[docs]class Process(object): """Represents an OS process with the given PID. If PID is omitted current process PID (os.getpid()) is used. Raise NoSuchProcess if PID does not exist. Note that most of the methods of this class do not make sure the PID of the process being queried has been reused over time. That means you might end up retrieving an information referring to another process in case the original one this instance refers to is gone in the meantime. The only exceptions for which process identity is pre-emptively checked and guaranteed are: - parent() - children() - nice() (set) - ionice() (set) - rlimit() (set) - cpu_affinity (set) - suspend() - resume() - send_signal() - terminate() - kill() To prevent this problem for all other methods you can: - use is_running() before querying the process - if you're continuously iterating over a set of Process instances use process_iter() which pre-emptively checks process identity for every yielded instance """ def __init__(self, pid=None): self._init(pid) def _init(self, pid, _ignore_nsp=False): if pid is None: pid = os.getpid() else: if not _PY3 and not isinstance(pid, (int, long)): raise TypeError('pid must be an integer (got %r)' % pid) if pid < 0: raise ValueError('pid must be a positive integer (got %s)' % pid) self._pid = pid self._name = None self._exe = None self._create_time = None self._gone = False self._hash = None self._oneshot_inctx = False # used for caching on Windows only (on POSIX ppid may change) self._ppid = None # platform-specific modules define an _psplatform.Process # implementation class self._proc = _psplatform.Process(pid) self._last_sys_cpu_times = None self._last_proc_cpu_times = None # cache creation time for later use in is_running() method try: self.create_time() except AccessDenied: # We should never get here as AFAIK we're able to get # process creation time on all platforms even as a # limited user. pass except ZombieProcess: # Zombies can still be queried by this class (although # not always) and pids() return them so just go on. pass except NoSuchProcess: if not _ignore_nsp: msg = 'no process found with pid %s' % pid raise NoSuchProcess(pid, None, msg) else: self._gone = True # This pair is supposed to indentify a Process instance # univocally over time (the PID alone is not enough as # it might refer to a process whose PID has been reused). # This will be used later in __eq__() and is_running(). self._ident = (self.pid, self._create_time) def __str__(self): try: pid = self.pid name = repr(self.name()) except ZombieProcess: details = "(pid=%s (zombie))" % self.pid except NoSuchProcess: details = "(pid=%s (terminated))" % self.pid except AccessDenied: details = "(pid=%s)" % (self.pid) else: details = "(pid=%s, name=%s)" % (pid, name) return "%s.%s%s" % (self.__class__.__module__, self.__class__.__name__, details) def __repr__(self): return "<%s at %s>" % (self.__str__(), id(self)) def __eq__(self, other): # Test for equality with another Process object based # on PID and creation time. if not isinstance(other, Process): return NotImplemented return self._ident == other._ident def __ne__(self, other): return not self == other def __hash__(self): if self._hash is None: self._hash = hash(self._ident) return self._hash @property def pid(self): """The process PID.""" return self._pid # --- utility methods @contextlib.contextmanager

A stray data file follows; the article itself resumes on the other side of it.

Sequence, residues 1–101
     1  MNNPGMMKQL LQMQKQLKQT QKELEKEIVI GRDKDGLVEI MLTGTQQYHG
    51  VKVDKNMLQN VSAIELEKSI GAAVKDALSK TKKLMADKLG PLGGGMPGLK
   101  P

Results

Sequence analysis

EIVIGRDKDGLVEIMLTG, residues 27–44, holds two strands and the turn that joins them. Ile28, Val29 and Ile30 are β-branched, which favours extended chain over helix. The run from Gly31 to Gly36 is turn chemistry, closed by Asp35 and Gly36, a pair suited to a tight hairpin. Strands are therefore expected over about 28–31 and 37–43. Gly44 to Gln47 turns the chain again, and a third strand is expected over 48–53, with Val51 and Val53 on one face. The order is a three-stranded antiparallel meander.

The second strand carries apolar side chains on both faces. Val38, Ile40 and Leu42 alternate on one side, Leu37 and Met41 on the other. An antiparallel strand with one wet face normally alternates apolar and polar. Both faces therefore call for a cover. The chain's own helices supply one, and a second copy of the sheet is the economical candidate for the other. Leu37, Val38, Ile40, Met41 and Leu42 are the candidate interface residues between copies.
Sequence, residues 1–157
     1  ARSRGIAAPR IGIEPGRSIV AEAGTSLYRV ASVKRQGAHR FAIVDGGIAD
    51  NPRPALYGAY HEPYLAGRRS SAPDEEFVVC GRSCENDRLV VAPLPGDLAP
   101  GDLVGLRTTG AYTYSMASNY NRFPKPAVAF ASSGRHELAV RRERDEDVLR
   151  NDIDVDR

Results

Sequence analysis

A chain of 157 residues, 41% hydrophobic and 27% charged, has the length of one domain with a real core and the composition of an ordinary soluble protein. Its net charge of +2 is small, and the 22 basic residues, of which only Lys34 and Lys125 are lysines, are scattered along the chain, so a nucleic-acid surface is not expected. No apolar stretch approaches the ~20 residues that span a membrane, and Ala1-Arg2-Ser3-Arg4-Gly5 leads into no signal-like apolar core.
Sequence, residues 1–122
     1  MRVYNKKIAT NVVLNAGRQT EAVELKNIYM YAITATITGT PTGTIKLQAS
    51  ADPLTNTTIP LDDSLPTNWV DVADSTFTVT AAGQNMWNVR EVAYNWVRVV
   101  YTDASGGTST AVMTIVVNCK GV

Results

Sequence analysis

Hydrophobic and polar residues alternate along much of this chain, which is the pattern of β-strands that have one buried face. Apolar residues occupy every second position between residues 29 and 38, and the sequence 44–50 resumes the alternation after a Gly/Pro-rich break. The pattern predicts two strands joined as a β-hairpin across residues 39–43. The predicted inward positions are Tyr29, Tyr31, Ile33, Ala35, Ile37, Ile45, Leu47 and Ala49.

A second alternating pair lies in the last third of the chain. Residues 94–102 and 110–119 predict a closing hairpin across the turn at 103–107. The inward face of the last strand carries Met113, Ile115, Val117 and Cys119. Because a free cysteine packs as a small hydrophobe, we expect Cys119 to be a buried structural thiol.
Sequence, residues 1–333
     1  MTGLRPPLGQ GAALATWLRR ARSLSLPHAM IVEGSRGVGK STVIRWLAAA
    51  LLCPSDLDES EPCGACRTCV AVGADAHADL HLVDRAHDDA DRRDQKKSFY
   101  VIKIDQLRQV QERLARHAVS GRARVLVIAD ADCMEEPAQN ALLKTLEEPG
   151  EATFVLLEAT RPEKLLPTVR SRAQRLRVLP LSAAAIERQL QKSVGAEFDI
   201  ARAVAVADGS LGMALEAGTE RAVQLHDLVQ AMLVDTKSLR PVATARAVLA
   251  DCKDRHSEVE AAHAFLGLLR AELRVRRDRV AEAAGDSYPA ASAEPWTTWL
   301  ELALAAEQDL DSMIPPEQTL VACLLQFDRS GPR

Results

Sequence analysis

[docs] def oneshot(self): """Utility context manager which considerably speeds up the retrieval of multiple process information at the same time. Internally different process info (e.g. name, ppid, uids, gids, ...) may be fetched by using the same routine, but only one information is returned and the others are discarded. When using this context manager the internal routine is executed once (in the example below on name()) and the other info are cached. The cache is cleared when exiting the context manager block. The advice is to use this every time you retrieve more than one information about the process. If you're lucky, you'll get a hell of a speedup. >>> import psutil >>> p = psutil.Process() >>> with p.oneshot(): ... p.name() # collect multiple info ... p.cpu_times() # return cached value ... p.cpu_percent() # return cached value ... p.create_time() # return cached value ... >>> """ if self._oneshot_inctx: # NOOP: this covers the use case where the user enters the # context twice. Since as_dict() internally uses oneshot() # I expect that the code below will be a pretty common # "mistake" that the user will make, so let's guard # against that: # # >>> with p.oneshot(): # ... p.as_dict() # ... yield else: self._oneshot_inctx = True try: # cached in case cpu_percent() is used self.cpu_times.cache_activate() # cached in case memory_percent() is used self.memory_info.cache_activate() # cached in case parent() is used self.ppid.cache_activate() # cached in case username() is used if POSIX: self.uids.cache_activate() # specific implementation cache self._proc.oneshot_enter() yield finally: self.cpu_times.cache_deactivate() self.memory_info.cache_deactivate() self.ppid.cache_deactivate() if POSIX: self.uids.cache_deactivate() self._proc.oneshot_exit() self._oneshot_inctx = False